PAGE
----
All ETDs from UAB

Advisory Committee Chair

Daniel L Smith

Advisory Committee Members

Shannon Bailey

Paula Chandler-Laney

Barbara Gower

Degui Zhi

Document Type


Date of Award


Degree Name by School

Doctor of Philosophy (PhD) Heersink School of Medicine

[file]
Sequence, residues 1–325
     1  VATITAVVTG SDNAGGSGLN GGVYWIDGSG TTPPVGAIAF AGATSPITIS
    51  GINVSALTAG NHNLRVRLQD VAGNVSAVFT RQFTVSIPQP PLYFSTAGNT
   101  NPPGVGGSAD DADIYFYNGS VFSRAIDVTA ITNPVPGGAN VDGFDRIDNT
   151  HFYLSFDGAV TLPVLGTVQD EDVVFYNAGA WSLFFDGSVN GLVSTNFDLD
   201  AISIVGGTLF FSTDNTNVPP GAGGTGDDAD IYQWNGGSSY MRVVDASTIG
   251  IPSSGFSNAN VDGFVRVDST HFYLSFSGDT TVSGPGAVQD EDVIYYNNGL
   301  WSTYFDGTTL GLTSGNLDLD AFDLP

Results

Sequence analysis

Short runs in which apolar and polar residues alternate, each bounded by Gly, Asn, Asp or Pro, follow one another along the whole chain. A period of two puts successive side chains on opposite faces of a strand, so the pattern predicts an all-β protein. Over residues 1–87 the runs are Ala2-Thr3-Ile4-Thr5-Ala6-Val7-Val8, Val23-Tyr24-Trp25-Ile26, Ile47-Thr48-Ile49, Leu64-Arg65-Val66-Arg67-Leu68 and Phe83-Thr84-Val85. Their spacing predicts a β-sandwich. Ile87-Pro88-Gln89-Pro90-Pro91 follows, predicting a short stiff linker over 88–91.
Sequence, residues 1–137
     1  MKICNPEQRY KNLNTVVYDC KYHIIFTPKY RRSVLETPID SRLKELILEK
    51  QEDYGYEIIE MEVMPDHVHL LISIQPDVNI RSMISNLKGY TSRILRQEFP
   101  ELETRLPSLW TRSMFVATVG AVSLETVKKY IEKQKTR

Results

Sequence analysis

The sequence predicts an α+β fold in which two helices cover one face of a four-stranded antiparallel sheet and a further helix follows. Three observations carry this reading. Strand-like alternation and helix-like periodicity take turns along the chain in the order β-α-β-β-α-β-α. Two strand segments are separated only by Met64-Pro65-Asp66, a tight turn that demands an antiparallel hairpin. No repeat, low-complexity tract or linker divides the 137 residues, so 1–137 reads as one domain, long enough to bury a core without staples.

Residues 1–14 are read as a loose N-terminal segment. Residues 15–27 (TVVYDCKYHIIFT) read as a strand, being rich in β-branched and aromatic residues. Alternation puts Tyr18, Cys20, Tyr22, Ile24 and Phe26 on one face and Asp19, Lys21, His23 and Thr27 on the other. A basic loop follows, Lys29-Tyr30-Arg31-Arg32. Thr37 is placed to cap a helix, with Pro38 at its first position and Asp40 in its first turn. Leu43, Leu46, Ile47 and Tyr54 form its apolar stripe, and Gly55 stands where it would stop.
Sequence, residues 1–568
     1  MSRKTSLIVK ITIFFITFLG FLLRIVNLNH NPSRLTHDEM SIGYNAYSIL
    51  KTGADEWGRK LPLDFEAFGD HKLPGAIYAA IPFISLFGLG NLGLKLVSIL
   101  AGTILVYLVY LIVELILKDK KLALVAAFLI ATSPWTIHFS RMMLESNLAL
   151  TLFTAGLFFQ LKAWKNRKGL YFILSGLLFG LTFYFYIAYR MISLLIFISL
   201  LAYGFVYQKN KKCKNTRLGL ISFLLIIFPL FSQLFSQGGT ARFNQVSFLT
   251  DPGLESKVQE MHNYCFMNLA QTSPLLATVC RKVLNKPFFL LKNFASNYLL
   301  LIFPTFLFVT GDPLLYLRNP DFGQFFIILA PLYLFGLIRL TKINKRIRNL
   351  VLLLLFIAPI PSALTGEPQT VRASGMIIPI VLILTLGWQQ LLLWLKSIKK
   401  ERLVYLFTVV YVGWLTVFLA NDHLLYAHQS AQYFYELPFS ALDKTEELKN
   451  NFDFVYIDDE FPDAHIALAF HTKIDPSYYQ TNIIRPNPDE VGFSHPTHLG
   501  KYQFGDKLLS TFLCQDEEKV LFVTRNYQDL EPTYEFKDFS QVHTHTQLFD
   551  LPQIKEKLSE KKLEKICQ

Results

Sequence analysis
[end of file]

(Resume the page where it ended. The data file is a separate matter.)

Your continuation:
Age-related diseases continue to be a leading cause of death. One of the only replicable methods proven to decrease age-related morbidity and mortality in multiple species is calorie restriction (CR). CR is difficult for human populations to implement, and has a number of associated risks and side effects. A CR mimetic could provide the healthspan- and lifespan-extending benefits of CR without the limitations. Acarbose (ACA), an α-glucosidase and α-amylase inhibitor approved to treat type 2 diabetes in humans, was recently identified as able to extend lifespan in healthy mice. The purpose of this research was to determine the effects of ACA on physiology and metabolism of the healthy mouse and to investigate the possibility of ACA as a CR mimetic. A 6-month dose-response study was performed in both male and female C57BL/6J mice. Mice received ad libitum diets containing low, medium, or high doses of ACA, as well as a no-dose control. Male mice receiving all doses of ACA weighed less following treatment than control-fed mice and all ACA mice had less fat mass, but not lean mass. This was despite an increase in food intake with all ACA doses and no differences in daily total energy expenditure. Fecal analyses indicated ACA led to decreased carbohydrate and increased fat and protein extraction from the diet, increased fecal levels of short chain fatty acids, and less microbial diversity. Next, we investigated modification of macronutrient metabolism and inflammatory factors in mature, healthy C57BL/6J mice through four diets: 0.1% ACA, 40% CR, a diet matched in macronutrients to the calculated exposure from the previous study, and no-treatment controls. After 10 months, all ACA and CR mice weighed less than controls. ACA and CR also modified whole-body metabolism and energy expenditure. At this young age, few differences were seen among groups in circulating cytokines or in immune cells isolated from spleens and mesenteric lymph nodes, suggesting differences may not appear until an immune or inflammatory challenge is encountered. ACA results in both similar and different outcomes compared to CR and may be an effective method of improving healthspan in human populations.



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